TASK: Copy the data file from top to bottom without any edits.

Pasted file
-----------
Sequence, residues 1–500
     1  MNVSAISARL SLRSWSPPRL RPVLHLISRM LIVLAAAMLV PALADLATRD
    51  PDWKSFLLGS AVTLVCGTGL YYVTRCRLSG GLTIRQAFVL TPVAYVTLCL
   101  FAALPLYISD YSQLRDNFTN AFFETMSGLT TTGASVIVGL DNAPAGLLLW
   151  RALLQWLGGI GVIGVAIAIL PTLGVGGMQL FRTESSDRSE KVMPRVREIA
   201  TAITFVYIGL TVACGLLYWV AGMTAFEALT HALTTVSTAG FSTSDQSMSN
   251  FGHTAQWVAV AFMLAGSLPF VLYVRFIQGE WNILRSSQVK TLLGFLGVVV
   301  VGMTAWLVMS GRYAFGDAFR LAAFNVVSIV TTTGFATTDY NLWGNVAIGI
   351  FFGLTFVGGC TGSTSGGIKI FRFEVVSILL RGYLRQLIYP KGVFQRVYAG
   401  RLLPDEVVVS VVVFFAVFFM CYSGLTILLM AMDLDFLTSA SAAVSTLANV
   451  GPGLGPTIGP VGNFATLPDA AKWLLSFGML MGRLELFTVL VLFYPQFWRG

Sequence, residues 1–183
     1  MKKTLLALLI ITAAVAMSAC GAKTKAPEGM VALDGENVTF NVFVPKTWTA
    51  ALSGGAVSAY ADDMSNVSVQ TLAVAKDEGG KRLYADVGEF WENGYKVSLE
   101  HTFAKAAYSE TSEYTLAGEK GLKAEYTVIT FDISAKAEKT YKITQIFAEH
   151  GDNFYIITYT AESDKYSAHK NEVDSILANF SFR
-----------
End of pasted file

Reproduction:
Sequence, residues 1–500
     1  MNVSAISARL SLRSWSPPRL RPVLHLISRM LIVLAAAMLV PALADLATRD
    51  PDWKSFLLGS AVTLVCGTGL YYVTRCRLSG GLTIRQAFVL TPVAYVTLCL
   101  FAALPLYISD YSQLRDNFTN AFFETMSGLT TTGASVIVGL DNAPAGLLLW
   151  RALLQWLGGI GVIGVAIAIL PTLGVGGMQL FRTESSDRSE KVMPRVREIA
   201  TAITFVYIGL TVACGLLYWV AGMTAFEALT HALTTVSTAG FSTSDQSMSN
   251  FGHTAQWVAV AFMLAGSLPF VLYVRFIQGE WNILRSSQVK TLLGFLGVVV
   301  VGMTAWLVMS GRYAFGDAFR LAAFNVVSIV TTTGFATTDY NLWGNVAIGI
   351  FFGLTFVGGC TGSTSGGIKI FRFEVVSILL RGYLRQLIYP KGVFQRVYAG
   401  RLLPDEVVVS VVVFFAVFFM CYSGLTILLM AMDLDFLTSA SAAVSTLANV
   451  GPGLGPTIGP VGNFATLPDA AKWLLSFGML MGRLELFTVL VLFYPQFWRG

Sequence, residues 1–183
     1  MKKTLLALLI ITAAVAMSAC GAKTKAPEGM VALDGENVTF NVFVPKTWTA
    51  ALSGGAVSAY ADDMSNVSVQ TLAVAKDEGG KRLYADVGEF WENGYKVSLE
   101  HTFAKAAYSE TSEYTLAGEK GLKAEYTVIT FDISAKAEKT YKITQIFAEH
   151  GDNFYIITYT AESDKYSAHK NEVDSILANF SFR